A Matter of Maps

Visual Capitalist, one of my favorite sources of information portrayed by graphics and illustrations, posted a nice article showing how a Mercator projection distorts the size of countries. Many of us grew up with a Mercator projection of the world on our school classrooms, and we probably had a nagging sense that something was not quite right in the way it showed various countries. The article linked below shows the problem: the further a country lies from the equator, the more distorted its size. Australia and countries in Africa, South America, and southern Asia come out reasonably well, but the US, Canada, and countries in northern Europe and northern Asia get a bit of an unnatural boost to their size. Maybe a boost to their ego, too.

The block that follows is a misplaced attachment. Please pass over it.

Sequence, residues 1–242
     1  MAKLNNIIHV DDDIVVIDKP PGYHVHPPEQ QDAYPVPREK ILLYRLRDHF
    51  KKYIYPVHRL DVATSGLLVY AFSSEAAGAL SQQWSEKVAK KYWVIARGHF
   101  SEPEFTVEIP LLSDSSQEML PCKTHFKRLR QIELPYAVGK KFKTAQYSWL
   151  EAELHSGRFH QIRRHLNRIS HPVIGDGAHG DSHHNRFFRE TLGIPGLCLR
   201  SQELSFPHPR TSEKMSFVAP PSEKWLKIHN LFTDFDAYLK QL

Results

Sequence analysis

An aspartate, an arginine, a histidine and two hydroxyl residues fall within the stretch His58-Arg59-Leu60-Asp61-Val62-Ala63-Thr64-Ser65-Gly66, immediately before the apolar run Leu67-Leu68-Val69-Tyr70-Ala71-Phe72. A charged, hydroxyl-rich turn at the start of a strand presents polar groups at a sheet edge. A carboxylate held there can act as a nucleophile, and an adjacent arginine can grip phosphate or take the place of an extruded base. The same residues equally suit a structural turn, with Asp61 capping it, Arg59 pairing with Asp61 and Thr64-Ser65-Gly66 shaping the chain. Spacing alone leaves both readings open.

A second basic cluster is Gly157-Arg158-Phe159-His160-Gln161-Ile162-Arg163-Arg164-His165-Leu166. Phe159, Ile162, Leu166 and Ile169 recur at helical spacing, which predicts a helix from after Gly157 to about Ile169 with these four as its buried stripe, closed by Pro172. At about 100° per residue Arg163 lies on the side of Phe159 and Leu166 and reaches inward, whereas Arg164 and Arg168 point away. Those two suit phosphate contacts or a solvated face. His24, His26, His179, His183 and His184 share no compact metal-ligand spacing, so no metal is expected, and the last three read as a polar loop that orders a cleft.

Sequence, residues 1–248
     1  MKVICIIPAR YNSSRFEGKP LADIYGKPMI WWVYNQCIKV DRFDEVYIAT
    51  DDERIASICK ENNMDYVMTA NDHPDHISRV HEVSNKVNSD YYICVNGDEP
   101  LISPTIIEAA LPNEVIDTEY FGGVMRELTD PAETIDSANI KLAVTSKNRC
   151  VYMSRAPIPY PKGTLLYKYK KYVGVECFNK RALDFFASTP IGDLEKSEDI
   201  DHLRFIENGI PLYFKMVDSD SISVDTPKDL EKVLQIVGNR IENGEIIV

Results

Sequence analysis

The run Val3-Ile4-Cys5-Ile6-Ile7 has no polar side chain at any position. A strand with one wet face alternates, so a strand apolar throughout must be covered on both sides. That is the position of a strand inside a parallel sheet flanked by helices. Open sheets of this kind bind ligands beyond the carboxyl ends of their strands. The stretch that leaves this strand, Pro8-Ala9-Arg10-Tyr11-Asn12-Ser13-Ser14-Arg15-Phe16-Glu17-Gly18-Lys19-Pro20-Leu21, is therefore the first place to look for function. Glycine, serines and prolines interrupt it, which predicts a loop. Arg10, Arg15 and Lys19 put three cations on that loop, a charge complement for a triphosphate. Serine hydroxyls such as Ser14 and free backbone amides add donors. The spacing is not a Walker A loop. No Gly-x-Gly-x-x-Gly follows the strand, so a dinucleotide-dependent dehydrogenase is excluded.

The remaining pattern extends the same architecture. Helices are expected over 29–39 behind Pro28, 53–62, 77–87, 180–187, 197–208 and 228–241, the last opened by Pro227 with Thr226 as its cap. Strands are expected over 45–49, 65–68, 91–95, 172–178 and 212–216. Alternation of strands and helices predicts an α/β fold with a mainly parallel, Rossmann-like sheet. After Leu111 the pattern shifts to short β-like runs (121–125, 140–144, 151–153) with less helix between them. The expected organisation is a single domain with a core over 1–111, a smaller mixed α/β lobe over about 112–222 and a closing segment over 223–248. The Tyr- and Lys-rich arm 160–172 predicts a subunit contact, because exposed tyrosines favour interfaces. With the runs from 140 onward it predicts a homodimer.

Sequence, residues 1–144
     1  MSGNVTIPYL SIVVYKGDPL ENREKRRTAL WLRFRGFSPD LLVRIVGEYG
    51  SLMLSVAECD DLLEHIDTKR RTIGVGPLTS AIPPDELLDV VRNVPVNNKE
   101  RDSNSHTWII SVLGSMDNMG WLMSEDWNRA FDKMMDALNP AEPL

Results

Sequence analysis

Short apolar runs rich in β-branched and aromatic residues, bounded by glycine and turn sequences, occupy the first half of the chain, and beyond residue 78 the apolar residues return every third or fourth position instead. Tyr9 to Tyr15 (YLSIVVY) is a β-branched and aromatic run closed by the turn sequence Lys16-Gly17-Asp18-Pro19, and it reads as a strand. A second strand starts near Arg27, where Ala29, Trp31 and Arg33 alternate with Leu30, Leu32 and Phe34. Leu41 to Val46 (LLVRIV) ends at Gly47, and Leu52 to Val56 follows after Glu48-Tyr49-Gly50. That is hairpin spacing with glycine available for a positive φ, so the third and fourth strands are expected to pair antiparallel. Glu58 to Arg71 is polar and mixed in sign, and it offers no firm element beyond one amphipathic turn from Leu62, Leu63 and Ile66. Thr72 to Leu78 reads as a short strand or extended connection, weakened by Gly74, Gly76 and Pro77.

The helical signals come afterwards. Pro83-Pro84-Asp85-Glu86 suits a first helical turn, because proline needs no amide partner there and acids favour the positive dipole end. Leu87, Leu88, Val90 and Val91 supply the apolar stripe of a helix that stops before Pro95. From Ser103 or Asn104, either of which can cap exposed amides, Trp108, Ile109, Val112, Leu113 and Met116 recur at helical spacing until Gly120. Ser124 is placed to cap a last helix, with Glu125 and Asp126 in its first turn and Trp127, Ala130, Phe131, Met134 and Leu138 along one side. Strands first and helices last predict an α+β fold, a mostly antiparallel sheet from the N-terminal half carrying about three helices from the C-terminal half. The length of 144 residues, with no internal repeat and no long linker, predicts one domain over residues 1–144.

The next linked article, again from Visual Capitalist, compares the Mercator projection with other types of projections. Some are better for navigational directions and geographic positioning while others are better for sizes and distances. Unfortunately, there is no perfect way of mapping the Earth onto a flat piece of paper (or a flat computer screen) without some kind of compromise. Makes me wish for a good old-fashioned (but up to date) globe!

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